4. 4. Major types of cancerMajor types of cancer CarcinomaCarcinoma  Derived from epithelial cells, which line surface of skin andDerived from epithelial cells, which line surface of skin and organs, digestive tract, airways and mammary ductsorgans, digestive tract, airways and mammary ducts  Most common cancer type (89-90% of all reported cases)Most common cancer type (89-90% of all reported cases) SarcomaSarcoma  Derived from mesenchymal tissue – muscle, bone, cartilage, fat,Derived from mesenchymal tissue – muscle, bone, cartilage, fat, connective tissuesconnective tissues HematopoieticHematopoietic  Leukemia – derived from white blood cells or their precursorsLeukemia – derived from white blood cells or their precursors  Lymphoma – involves cells of the lymphatic systemLymphoma – involves cells of the lymphatic system  Myelomas – involves white blood cells responsible for theMyelomas – involves white blood cells responsible for the production of antibodies (B lymphocytes or B-cells)production of antibodies (B lymphocytes or B-cells)
    5. 5. Cancer prefixesCancer prefixes Examples:Examples: Osteosarcoma – cancerOsteosarcoma – cancer arising in bonearising in bone Hepatocarcinoma –Hepatocarcinoma – cancer arising in the livercancer arising in the liver
    6. 6. Stages of tumor progressionStages of tumor progression more growth – abnormalmore growth – abnormal cellular appearance; maycellular appearance; may become disorganizedbecome disorganized uncontrolled cell division leading to an excess of cells cells become primitive incells become primitive in capability – invasivecapability – invasive potential existspotential exists ability to invadeability to invade &/or metastasize&/or metastasize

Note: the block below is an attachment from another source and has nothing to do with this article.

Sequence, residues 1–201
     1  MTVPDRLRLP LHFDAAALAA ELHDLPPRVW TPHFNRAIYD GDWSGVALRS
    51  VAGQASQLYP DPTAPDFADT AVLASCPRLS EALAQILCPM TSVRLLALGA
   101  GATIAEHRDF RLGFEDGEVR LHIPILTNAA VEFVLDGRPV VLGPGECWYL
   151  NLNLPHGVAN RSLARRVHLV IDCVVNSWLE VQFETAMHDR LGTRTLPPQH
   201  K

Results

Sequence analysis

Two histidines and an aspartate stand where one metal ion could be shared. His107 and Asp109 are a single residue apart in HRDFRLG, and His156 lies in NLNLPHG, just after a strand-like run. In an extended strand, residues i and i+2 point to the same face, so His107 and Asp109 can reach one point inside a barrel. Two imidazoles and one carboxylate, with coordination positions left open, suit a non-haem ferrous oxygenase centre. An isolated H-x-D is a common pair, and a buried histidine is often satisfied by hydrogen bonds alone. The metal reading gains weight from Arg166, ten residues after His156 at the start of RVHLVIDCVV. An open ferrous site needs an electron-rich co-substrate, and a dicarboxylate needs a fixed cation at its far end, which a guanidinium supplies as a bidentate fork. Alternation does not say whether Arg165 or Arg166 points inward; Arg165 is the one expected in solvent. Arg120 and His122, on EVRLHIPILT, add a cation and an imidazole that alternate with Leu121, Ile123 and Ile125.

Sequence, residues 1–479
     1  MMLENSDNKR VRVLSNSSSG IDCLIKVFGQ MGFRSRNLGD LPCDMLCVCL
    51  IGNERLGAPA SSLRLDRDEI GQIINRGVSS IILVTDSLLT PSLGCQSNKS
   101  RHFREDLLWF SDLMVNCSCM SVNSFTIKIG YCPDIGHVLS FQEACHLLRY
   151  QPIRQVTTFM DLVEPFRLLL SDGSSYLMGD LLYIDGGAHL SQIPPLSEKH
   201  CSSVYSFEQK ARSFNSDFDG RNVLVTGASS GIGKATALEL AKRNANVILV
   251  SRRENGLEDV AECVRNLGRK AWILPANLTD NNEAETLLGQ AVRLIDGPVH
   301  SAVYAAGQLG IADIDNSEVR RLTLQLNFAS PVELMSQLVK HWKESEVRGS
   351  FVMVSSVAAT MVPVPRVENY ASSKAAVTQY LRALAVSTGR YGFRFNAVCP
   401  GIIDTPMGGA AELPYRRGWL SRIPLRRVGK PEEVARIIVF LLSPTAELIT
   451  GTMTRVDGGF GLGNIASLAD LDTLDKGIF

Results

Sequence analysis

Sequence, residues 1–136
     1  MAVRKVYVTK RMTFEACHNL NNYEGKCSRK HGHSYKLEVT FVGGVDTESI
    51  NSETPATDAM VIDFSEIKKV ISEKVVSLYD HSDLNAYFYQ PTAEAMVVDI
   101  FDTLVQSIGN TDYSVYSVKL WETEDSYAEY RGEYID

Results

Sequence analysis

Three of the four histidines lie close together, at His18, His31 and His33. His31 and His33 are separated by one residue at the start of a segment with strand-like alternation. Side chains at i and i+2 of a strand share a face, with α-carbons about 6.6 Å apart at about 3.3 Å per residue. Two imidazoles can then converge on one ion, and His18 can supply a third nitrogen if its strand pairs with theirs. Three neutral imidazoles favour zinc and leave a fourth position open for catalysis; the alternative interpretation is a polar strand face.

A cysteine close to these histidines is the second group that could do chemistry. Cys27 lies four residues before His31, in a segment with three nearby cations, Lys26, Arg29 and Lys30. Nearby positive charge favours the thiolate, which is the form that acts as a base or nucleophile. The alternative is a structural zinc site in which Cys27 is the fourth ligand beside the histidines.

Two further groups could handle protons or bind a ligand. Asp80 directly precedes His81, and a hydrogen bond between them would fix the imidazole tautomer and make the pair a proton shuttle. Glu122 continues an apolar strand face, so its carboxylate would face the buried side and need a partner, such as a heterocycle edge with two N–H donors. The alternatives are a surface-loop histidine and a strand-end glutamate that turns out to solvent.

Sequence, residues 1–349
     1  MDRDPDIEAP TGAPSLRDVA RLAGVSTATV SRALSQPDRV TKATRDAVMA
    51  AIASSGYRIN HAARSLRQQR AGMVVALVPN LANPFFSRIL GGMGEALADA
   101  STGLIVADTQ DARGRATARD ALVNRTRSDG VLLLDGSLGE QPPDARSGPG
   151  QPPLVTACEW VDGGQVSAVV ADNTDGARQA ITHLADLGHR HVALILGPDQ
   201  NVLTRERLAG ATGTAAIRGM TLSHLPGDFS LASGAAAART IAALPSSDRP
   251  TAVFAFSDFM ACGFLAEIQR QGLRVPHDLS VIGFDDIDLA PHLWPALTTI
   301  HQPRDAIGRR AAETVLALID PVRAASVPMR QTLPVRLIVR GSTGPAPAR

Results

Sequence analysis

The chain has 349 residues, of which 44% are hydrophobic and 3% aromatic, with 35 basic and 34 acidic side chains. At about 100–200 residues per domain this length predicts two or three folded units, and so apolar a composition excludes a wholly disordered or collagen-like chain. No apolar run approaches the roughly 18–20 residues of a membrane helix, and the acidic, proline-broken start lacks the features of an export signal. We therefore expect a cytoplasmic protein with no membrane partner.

7. 7. Characteristics of cancer cellsCharacteristics of cancer cells Cytoskeletal changesCytoskeletal changes Cell adhesion altered – cells able to moveCell adhesion altered – cells able to move Changes in structure of nucleusChanges in structure of nucleus Secretion of enzymes that enable them to invadeSecretion of enzymes that enable them to invade neighboring tissuesneighboring tissues Unlimited number of cell divisionsUnlimited number of cell divisions Growth in the absence of “go” signalsGrowth in the absence of “go” signals Avoidance of cell deathAvoidance of cell death Tumors stimulate the growth of blood vesselsTumors stimulate the growth of blood vessels (angiogenesis)(angiogenesis)
    8. 8. Cancer in familiesCancer in families Many forms have higher incidence in relatives thanMany forms have higher incidence in relatives than in general populationin general population Nearly 50 mendelian disorders where risk ofNearly 50 mendelian disorders where risk of cancer is very high among relativescancer is very high among relatives For other cancers, the increased incidence is 2-3For other cancers, the increased incidence is 2-3 fold higher for 1fold higher for 1 oo relatives – complex disorderrelatives – complex disorder